There was a recent article published on The New York Times website about the immense amount of iPhone apps. An individual can choose from over 140,000 different apps, but of course as each week goes by more and more are being added. The article, “When Phones Are Just Too Smart” by Katie Hafner, says, “The average iPhone or iPod Touch owner uses 5 to 10 apps regularly.” The article goes on to talk about how the large selection makes people feel overwhelmed, but also the fun and helpfulness different apps can provide.
I really enjoyed how the article was written. Instead of just diving into the facts, the article began with an anecdote about Ms.Cua and her small selection of apps. I thought using an anecdote was a good lead because choosing an app is a personal and individual choice. Different people choose different apps for their own personal reason. The anecdote lead is a great way to draw in readers on a personal level. Instead of being more cold and strict like typical leads in a newspaper story, it allows reader to identify with the story, and hopefully, they will continue to read more of the article.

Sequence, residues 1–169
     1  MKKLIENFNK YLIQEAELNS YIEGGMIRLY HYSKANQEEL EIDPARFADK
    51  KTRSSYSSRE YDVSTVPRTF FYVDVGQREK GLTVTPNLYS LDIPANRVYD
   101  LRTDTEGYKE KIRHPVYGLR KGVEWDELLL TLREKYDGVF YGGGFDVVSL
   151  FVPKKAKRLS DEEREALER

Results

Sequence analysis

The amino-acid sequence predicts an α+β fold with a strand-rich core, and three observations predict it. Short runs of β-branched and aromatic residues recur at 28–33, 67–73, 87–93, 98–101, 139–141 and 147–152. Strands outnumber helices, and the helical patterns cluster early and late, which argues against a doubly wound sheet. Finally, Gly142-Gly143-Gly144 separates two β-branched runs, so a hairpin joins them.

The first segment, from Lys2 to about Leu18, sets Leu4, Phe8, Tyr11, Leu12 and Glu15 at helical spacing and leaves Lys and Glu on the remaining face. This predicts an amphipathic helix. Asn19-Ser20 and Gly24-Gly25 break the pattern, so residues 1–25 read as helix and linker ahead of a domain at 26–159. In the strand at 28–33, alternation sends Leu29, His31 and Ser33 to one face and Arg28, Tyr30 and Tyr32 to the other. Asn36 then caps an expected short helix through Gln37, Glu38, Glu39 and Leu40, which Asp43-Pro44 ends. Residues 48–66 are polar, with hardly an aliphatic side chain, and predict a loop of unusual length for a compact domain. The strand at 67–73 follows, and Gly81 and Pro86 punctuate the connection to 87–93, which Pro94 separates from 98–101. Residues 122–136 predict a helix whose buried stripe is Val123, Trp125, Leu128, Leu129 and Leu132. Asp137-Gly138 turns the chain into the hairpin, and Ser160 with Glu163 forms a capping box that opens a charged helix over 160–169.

I also though the article did a good job of presenting how some people enjoy a lot of apps and others like a minimal amount. The majority of the article focuses on why people prefer to have only a few apps that they use rather than a large selection. However, the article acknowledges that there are still many people who download a large amount of apps, and like it that way. Of course, these points were supported with some interesting quotes and points. For example, one iPhone user says every night he visits the iTunes store to look at the most popular apps.
While the article still delivered the facts, it was easy to read because of the personal reasons and input. The quotes supported the facts, and it was more appealing because of the personal interest. I think this allows people to get the main idea, but not be bogged down by the, sometimes confusing, technology aspect of iPhones and apps.